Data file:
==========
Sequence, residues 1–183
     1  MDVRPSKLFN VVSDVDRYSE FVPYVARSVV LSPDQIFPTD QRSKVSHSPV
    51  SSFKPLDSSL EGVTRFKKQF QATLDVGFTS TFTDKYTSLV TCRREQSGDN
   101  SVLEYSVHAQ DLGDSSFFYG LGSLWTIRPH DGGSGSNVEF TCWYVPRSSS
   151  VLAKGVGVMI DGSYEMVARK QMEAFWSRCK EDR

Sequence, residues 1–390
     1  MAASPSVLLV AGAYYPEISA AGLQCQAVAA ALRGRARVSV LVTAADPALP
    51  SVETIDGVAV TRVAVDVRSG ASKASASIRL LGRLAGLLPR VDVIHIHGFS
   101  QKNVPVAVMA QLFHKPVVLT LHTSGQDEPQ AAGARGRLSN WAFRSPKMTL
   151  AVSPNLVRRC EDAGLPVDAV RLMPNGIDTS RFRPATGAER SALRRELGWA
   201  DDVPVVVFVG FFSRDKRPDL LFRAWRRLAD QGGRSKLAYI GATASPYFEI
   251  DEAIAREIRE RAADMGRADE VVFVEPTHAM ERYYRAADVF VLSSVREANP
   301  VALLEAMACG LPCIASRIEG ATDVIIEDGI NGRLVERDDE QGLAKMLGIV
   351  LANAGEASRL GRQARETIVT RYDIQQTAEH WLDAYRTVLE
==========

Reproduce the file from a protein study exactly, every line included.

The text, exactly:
Sequence, residues 1–183
     1  MDVRPSKLFN VVSDVDRYSE FVPYVARSVV LSPDQIFPTD QRSKVSHSPV
    51  SSFKPLDSSL EGVTRFKKQF QATLDVGFTS TFTDKYTSLV TCRREQSGDN
   101  SVLEYSVHAQ DLGDSSFFYG LGSLWTIRPH DGGSGSNVEF TCWYVPRSSS
   151  VLAKGVGVMI DGSYEMVARK QMEAFWSRCK EDR

Sequence, residues 1–390
     1  MAASPSVLLV AGAYYPEISA AGLQCQAVAA ALRGRARVSV LVTAADPALP
    51  SVETIDGVAV TRVAVDVRSG ASKASASIRL LGRLAGLLPR VDVIHIHGFS
   101  QKNVPVAVMA QLFHKPVVLT LHTSGQDEPQ AAGARGRLSN WAFRSPKMTL
   151  AVSPNLVRRC EDAGLPVDAV RLMPNGIDTS RFRPATGAER SALRRELGWA
   201  DDVPVVVFVG FFSRDKRPDL LFRAWRRLAD QGGRSKLAYI GATASPYFEI
   251  DEAIAREIRE RAADMGRADE VVFVEPTHAM ERYYRAADVF VLSSVREANP
   301  VALLEAMACG LPCIASRIEG ATDVIIEDGI NGRLVERDDE QGLAKMLGIV
   351  LANAGEASRL GRQARETIVT RYDIQQTAEH WLDAYRTVLE